Recently I started questioning why would a group mod a game like UT2K3 when there's an engine like Torque available for truly not much? Torque is $100.00 USD per developer; I paid $50.00 USD for UT2K3. You gain unlimited rights to the engine until you hit $500,000.00 in revenue (heh! That'd be me making a mess in my pants) and there's a sizable community that's grown around it. I don't have the engine yet but it might be my Christmas present to myself, just to play with it and see what I can learn from it.
I came up with some fairly solid reasons why someone would want to stick to UT2K3. The community is fairly close knit here - I've received lots of help from folks and I've tried my best to return that to those I can. UT2K3 is sort of like a RAD (rapid application development) environment for a game. You can get it up to speed quickly, make small changes, and test in quite a fast manner. You've got the support of Epic. UnrealScript is a hell of a lot easier to work with than pure C++, and Epic already has an excellent OOP hierarchy in place that makes changing things simple as pie.
The only downside to UT2K3 (and there's arguments about whether it's a downside, I'm not bothered by it but there are those who are bothered by it) is the openness of UnrealScript. At some point I wish Epic would allow for the official obfuscation of the code, if nothing else to stop cries of "nice CTRL-C there pal!" Frankly there's many ways to skin a cat but in UnrealScript there's maybe only one or two. I dread the day when someone says "that's my code!" but it's not. I'm probably going to go off half cocked. Yes, yes, yes, I know the arguments and I'm not going to go back over them here – there's plenty of posts on it in other areas. However, this does remain one area where an engine like Torque would hold weight over UT2K3. That's my point.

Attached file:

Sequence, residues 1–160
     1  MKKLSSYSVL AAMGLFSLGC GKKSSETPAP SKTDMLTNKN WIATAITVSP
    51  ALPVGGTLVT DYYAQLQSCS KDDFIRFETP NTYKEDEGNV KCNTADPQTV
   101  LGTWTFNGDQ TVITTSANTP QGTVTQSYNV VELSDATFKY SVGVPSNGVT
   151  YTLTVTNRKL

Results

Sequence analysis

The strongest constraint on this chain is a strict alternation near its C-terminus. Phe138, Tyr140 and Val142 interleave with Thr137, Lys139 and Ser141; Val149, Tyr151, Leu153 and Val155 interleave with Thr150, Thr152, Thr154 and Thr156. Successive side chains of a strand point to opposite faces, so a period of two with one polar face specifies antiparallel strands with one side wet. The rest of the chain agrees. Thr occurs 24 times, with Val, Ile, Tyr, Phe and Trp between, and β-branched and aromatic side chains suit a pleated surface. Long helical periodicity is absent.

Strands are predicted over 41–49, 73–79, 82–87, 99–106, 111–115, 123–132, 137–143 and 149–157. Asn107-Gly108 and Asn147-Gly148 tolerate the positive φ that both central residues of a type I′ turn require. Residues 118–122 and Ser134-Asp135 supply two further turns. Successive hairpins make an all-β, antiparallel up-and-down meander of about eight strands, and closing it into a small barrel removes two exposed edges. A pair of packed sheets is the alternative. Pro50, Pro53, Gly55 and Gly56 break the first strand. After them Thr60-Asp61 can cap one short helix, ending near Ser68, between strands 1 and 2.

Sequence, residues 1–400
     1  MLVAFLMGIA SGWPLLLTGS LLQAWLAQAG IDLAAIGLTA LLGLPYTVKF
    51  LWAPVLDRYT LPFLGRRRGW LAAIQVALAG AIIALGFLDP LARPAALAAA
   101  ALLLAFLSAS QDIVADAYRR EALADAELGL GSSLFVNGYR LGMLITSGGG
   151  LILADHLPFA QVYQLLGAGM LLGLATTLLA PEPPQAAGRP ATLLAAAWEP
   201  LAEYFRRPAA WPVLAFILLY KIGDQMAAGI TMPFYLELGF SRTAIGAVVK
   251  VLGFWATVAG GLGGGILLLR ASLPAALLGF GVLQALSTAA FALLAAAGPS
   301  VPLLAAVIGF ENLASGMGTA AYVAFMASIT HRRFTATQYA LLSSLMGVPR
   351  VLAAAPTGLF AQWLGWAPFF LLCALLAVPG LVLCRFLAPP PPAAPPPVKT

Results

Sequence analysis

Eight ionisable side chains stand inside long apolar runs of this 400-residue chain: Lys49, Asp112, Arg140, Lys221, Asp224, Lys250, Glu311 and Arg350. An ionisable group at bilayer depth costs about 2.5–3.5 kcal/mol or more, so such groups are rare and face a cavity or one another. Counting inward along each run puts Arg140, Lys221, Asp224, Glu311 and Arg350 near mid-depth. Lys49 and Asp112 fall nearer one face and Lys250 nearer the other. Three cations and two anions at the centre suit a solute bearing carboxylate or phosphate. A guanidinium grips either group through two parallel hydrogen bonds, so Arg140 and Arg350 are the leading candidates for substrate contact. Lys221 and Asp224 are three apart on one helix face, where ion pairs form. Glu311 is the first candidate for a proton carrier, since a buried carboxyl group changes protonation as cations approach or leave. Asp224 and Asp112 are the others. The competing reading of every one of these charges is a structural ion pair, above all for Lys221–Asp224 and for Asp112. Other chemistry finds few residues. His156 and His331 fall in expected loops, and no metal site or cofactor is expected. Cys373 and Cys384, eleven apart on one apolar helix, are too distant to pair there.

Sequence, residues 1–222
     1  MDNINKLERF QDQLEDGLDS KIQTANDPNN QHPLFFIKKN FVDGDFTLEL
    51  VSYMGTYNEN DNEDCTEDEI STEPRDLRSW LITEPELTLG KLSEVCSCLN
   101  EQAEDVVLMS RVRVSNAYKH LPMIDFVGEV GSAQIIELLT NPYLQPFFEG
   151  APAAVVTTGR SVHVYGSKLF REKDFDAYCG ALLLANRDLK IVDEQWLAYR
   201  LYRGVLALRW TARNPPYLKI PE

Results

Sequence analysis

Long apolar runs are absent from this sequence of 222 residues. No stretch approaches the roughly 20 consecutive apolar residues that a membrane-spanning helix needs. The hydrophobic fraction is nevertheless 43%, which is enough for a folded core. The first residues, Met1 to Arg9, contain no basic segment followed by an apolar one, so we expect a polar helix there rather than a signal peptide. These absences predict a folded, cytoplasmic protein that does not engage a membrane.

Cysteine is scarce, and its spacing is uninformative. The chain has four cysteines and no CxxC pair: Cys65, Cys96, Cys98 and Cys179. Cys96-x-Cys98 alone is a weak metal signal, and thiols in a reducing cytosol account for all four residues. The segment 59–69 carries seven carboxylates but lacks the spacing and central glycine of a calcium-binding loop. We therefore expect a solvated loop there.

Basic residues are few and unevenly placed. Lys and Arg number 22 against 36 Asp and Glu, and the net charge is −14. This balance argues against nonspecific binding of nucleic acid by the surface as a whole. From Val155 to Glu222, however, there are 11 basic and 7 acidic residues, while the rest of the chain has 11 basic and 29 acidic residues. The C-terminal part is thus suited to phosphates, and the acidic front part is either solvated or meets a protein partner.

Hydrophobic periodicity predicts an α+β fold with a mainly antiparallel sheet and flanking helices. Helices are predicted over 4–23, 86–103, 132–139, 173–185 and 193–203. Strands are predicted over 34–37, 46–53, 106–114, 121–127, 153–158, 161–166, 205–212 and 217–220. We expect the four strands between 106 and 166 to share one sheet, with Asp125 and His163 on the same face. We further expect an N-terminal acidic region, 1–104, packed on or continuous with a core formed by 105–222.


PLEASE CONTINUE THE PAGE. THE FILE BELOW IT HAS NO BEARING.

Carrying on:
Oh, and UT2K3 is probably a bit more advanced than Torque but honestly I couldn't guarantee that until I saw the engine in my hands and was able to do a comparison that way. For now we stick to UT2K3 - this was just a thought I had today. Figured I'd write a bit about it in my journal. Engine choice is a big decision for many mods – consider how many mods are made on Half Life simply because of the player base that's there. Screw the technical specifications, you get 1% of the Half Life player base and you're fairly successful.
Torque's graphics engine seems to be nowhere as advanced as UT2K3's. I'm sure that comes from two years of idleness on it's part - then again the demos I had probably didn't show it at it's fullest capability either. The editor used for mapmaking is Worldcraft which is difficult to go back to once you've become accustomed to UnrealEd. (Recently played with gMax and realized the interface similarities between it and UnrealEd. Suddenly understood why UnrealEd is the way it is.) The community is nice, and large, and there's a ton of information in the forums, it has it's own scripting language (a bit more powerful but a bit more obtuse than UnrealScript), and it's compilable. That said, it's nowhere near as fast to prototype or develop in, there's not the same number of systems prebuilt into the code as in UT2K3, and the community seems more centered around for profit games than not for profit games.
If you're considering UT2K3 modding but want to check all the options out check out
- [Crystal Space]
- [Reality Factory]
- [WorldForge]. WorldForge is aimed at MMORPGs, but I know a few mod authors who are trying to write a RPG in UT2K3, so..
In the end we are sticking with UT2K3.
Mychaeel: I've seen somebody publicly and earnestly claim that DM-TokaraForest, bundled with UT2003, had been knowingly shaped after an old Unreal Tournament map of his by Digital Extremes (or Epic) because that map had also been situated in the treetops. – Some people will always claim that they've been ripped off, but in doubt it's the responsibility of the accusant to bring proof of plagiarism.
Trystan: Aye, innocent until proven guilty.